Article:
“A million dollars?”
“Very well. It’s mundane, so I’ll grant it. But . . . let’s make it interesting. I’ll also kill someone.” The genie that had sprung from the antique lamp pointed out my window, and in the window across the way a woman was dusting; she looked like a cleaning lady. “Her. I’ll kill her.”
“What!? No! That is nowhere in the wish I made! I didn’t ask for anything like that!”
To be fair, I had kind of been surprised when a human form billowed out of the lamp. It was like a silly fairy tale. But after I spent half an hour crawling around my kitchen counter as a cockroach, I was ready to believe. It was either that, or risk some new torment.
“Who cares? The terms of your wish are fulfilled.”
“No. Take it back. I don’t want it.”
The genie floated on a cloud of mist, ignoring me. “Funds will be deposited in your account by six–”
I threw the lamp. It passed through him, his form swirling like smoke before reforming. “I said take it back!” I was screaming now. I wasn’t a killer, dammit. This wasn’t me!
“Well. I might be convinced to refrain. But you’ll have to entertain me, mortal. Squirm on the hook a little. Wriggle, worm.”
“What are you talking about!? You can’t just kill people!” I couldn’t hit him, I couldn’t stop him, I couldn’t do anything but shout. Someone in a neighboring apartment thumped on the walls.
“Oh, I can. And nobody will ever know. Heart attacks are a dime a dozen. Even the healthy could have one. But like I said, I might refrain. I’ll give her the money instead, and give the death to you.”
I froze. “You can’t possibly . . . you can’t expect . . . ”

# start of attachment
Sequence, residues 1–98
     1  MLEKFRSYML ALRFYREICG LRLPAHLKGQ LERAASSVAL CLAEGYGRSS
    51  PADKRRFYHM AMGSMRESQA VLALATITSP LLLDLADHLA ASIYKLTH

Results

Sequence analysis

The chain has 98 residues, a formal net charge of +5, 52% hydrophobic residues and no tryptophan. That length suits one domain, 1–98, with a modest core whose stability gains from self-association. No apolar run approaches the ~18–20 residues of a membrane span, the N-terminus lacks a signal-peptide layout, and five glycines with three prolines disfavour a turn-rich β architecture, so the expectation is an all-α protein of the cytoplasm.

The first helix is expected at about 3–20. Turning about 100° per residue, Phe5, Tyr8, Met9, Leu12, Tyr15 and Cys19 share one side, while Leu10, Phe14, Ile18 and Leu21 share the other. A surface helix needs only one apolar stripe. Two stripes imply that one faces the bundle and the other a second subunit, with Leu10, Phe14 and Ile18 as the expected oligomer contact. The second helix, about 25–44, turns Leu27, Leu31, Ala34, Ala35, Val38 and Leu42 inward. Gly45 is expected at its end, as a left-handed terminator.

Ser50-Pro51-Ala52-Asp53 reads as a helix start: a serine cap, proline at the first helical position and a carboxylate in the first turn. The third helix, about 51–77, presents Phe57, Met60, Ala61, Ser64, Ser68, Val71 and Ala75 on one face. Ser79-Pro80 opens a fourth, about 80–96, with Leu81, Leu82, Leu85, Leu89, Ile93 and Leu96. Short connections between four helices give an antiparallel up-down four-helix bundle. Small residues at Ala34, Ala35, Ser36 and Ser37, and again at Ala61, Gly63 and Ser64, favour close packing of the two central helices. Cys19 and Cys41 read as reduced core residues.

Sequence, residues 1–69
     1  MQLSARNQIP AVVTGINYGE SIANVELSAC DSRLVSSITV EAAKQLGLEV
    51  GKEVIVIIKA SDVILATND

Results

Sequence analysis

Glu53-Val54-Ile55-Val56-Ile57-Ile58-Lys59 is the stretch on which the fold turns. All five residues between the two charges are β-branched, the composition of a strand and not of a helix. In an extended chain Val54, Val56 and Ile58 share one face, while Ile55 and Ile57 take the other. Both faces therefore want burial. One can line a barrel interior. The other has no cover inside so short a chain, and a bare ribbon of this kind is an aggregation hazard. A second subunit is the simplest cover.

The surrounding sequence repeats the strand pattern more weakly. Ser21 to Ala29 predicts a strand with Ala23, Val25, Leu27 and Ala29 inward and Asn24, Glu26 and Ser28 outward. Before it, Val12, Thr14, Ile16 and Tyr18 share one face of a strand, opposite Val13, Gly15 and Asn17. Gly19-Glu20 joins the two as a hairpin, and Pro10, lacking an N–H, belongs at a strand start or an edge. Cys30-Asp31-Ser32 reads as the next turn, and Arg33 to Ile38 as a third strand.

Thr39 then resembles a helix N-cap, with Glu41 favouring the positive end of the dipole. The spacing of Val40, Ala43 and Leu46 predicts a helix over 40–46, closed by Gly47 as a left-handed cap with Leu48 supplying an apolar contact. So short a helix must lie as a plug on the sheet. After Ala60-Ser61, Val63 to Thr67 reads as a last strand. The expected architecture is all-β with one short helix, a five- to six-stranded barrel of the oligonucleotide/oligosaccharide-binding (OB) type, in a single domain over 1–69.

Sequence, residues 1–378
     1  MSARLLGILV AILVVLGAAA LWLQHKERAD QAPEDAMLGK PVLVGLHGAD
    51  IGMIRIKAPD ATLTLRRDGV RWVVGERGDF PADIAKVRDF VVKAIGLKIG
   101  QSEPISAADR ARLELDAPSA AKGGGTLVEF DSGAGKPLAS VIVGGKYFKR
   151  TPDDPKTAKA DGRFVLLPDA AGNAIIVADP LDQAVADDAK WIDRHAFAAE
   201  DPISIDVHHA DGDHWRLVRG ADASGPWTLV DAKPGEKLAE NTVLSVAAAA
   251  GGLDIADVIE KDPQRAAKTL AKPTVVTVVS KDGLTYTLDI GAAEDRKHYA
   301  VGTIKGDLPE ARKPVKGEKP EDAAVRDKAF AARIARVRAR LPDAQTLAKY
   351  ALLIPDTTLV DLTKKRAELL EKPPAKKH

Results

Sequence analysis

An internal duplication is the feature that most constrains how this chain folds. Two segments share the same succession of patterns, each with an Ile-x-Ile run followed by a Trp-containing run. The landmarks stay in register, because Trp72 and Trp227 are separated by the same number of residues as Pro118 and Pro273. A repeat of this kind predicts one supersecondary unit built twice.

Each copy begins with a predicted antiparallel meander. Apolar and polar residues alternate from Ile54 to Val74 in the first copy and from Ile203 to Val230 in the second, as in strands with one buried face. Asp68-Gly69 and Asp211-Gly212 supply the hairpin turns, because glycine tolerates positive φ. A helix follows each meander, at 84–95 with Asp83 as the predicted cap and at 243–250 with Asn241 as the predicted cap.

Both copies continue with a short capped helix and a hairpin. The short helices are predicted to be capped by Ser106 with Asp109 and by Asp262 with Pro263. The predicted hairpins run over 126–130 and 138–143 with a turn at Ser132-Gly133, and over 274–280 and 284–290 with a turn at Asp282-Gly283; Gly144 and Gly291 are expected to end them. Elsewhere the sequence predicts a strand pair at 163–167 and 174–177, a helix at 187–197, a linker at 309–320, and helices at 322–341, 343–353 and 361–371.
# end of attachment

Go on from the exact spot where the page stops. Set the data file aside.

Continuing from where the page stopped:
He rolled on his cloud of vapor, stomach-down now, folding his hands under his chin to watch me. His hair was pure white, like cotton, and his form childlike. His eyes on me, though, were those of an old man. “I expect you to squirm. I expect you to decide. I expect to feast on your struggle, manling. Take the money, and you may as well have killed her yourself.”
I turned away, planting my hands on the cool tile of the countertop. I’d never considered myself a great altruist. I always wondered just how cold I was. I didn’t donate to anything, didn’t have a great cause. But could I just let someone die? I shook my head. I was looking at it wrong. Someone would die. Someone would certainly die. The question wasn’t, ‘would I let someone die’, but ‘who would I choose’. I looked out the window and felt my resolve harden.
I was an architect. I made things, dozens of people were employed to support my work. She was a cleaning lady. I doubted she supported more than herself. I stood up, looking out the window, my decision ready. I heard the genie’s childish voice pipe up behind me. “Ooooooh, here it comes!”
I saw a second cleaner walk into view, carrying a trash bag. She was younger, probably still in high school. The older lady bent to her, and began wrapping some small hurt, then kissed her on the brow. A daughter. The girl laughed, pushing her mother away, too old to have boo-boo’s kissed better, but she laughed, she smiled.
I looked around my apartment. The entertainment center, the Playstation with one controller plugged in, the single microwave dinner on the table, the empty beer can. Part of me began to die inside, just then. That part of me so assured of my worth, the part convinced that I was valuable to the world. I turned back to the genie, whose blue eyes met mine.
With a heart that felt like a lead weight in my chest, I announced my decision.